Broker Authority

A broker authority is for an individual, partnership, or corporation that arranges the transportation of belongings to others by using an authorized Motor Carrier (MC) Number.

Types of Broker Authority:

Things to keep in mind while obtaining Broker Authority:

Note: A broker does not assume responsibility for the property and never takes possession.

Mexican Certificate of Registration

Mexican Certificate Registration allows every Mexico-domiciled public motor carrier and private motor carrier to transport freight in commerce from Mexico within a 20-mile radius of the U.S. border.

Below are the forms to be completed to obtain the U.S. DOT Number and operating authority registration:

Note: This form is not to be filed if a business is domiciled in the U.S. and the owner or person who controls the business is a Mexican citizen.

Revocation of Operating Authority

Revocation of operating authority means when an existing motor carrier, broker, or freight forwarder is no longer in operation.

When an individual, partnership, or corporation has suspended its operations and they no longer want to be an operator, they can opt-in for voluntary revocation.

Understanding Which Operating Authority Suits You

The type of authority required depends on your category (as shown from the following list):

  • Motor Carrier Authority for household goods.
  • Broker Of Property except for household goods.
  • Broker Of Household Goods.
  • United States-Based Enterprise Carrier Of International Cargo (household goods not included).
  • FF (Freight Forwarder) Authority.
  • Motor Passenger Carrier Authority.
  • Non-North American Domiciled Motor Carriers.
DOT Service

The Difference Between Inter-state And Intra-state Operating Authority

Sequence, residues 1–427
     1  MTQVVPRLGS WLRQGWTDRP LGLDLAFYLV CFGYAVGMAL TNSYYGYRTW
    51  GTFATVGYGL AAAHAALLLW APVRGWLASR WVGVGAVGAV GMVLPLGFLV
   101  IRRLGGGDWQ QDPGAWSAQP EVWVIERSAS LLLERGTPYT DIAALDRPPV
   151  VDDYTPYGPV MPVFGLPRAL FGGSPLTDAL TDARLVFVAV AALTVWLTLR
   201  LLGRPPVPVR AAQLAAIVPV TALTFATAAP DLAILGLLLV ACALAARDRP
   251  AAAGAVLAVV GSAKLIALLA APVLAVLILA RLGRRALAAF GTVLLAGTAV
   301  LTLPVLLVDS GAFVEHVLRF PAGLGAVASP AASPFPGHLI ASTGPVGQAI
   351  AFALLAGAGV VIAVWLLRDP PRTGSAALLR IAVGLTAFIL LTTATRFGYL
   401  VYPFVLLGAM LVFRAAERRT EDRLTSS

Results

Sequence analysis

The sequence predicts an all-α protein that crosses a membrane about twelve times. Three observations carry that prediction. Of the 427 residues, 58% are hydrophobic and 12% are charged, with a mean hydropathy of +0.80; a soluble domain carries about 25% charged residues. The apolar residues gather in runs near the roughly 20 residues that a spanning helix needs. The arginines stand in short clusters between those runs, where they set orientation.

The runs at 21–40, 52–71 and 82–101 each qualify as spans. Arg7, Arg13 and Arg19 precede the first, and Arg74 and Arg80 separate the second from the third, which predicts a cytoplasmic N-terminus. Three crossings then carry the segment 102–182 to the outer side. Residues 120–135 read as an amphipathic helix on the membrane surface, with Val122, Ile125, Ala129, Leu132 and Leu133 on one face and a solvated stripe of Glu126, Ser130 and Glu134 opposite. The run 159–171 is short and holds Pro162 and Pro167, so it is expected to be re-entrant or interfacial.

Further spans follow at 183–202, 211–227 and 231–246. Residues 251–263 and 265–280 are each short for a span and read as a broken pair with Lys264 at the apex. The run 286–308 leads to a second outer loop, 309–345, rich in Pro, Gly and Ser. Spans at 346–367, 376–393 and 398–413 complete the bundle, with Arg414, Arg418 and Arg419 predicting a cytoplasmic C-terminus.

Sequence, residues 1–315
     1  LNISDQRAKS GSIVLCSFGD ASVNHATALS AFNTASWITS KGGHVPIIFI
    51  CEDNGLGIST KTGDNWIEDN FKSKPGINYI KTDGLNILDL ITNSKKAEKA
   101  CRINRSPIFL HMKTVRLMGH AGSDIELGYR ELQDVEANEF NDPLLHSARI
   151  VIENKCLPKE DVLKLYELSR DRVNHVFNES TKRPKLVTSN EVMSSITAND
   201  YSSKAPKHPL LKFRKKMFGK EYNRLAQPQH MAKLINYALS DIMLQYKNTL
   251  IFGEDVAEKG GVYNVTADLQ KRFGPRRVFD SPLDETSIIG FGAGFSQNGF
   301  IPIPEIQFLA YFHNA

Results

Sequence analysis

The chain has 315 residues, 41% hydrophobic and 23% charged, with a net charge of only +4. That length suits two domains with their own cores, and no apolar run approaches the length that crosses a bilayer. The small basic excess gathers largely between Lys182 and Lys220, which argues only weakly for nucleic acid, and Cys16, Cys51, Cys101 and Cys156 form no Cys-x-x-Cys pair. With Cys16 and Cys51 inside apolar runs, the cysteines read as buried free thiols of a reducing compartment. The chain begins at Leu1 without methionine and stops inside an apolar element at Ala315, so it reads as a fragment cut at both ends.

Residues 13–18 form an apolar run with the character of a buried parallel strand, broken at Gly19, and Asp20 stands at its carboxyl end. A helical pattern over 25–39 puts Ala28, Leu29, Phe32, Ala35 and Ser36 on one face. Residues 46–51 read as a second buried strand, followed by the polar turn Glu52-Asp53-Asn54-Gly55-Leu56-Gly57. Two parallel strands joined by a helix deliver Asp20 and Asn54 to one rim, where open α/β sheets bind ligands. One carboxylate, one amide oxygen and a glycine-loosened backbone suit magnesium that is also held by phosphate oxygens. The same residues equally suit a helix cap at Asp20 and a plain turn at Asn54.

When you operate a commercial vehicle in the U.S., you require inter-state operating authority. Operating authority gives you a legal right to do business, transport, or arrange to transport goods and/or passengers. The Federal Motor Carrier Safety Administration (FMCSA) administers the inter-state operating authority (your MC Number).

Intrastate operating authority is your legal right to operate commercial vehicles to transport goods and passengers within intra-state borders.

Remember, each state has different rules and regulations concerning intra-state transportation. If you are working within a state, you need proper registration for your U.S. DOT Number or your intra-state operating authority.

Risks of Operating Without an Authority

If you are operating without operating authority or beyond the scope of your authority, you could be forced out of service by the FMSCA and be subject to fines.

Applying For Your MC Number

Applying for a new MC Number may take twenty business days to complete. Once you have applied for the MC Number and completed the process, you will be published in the federal registry.

To successfully obtain your MC Number, you must complete additional requirements, such as filing your BOC-3 (Blanket of Coverage) process agent designation, surety bond, insurance, and more.

You are granted at least eighty business days to comply with these requirements. Failure to do so may result in dismissal of your application, and you may have to pay an additional amount for another MC Number or operating authority. The best way is to contact a third-party service provider or agency to quickly help you obtain your MC Number.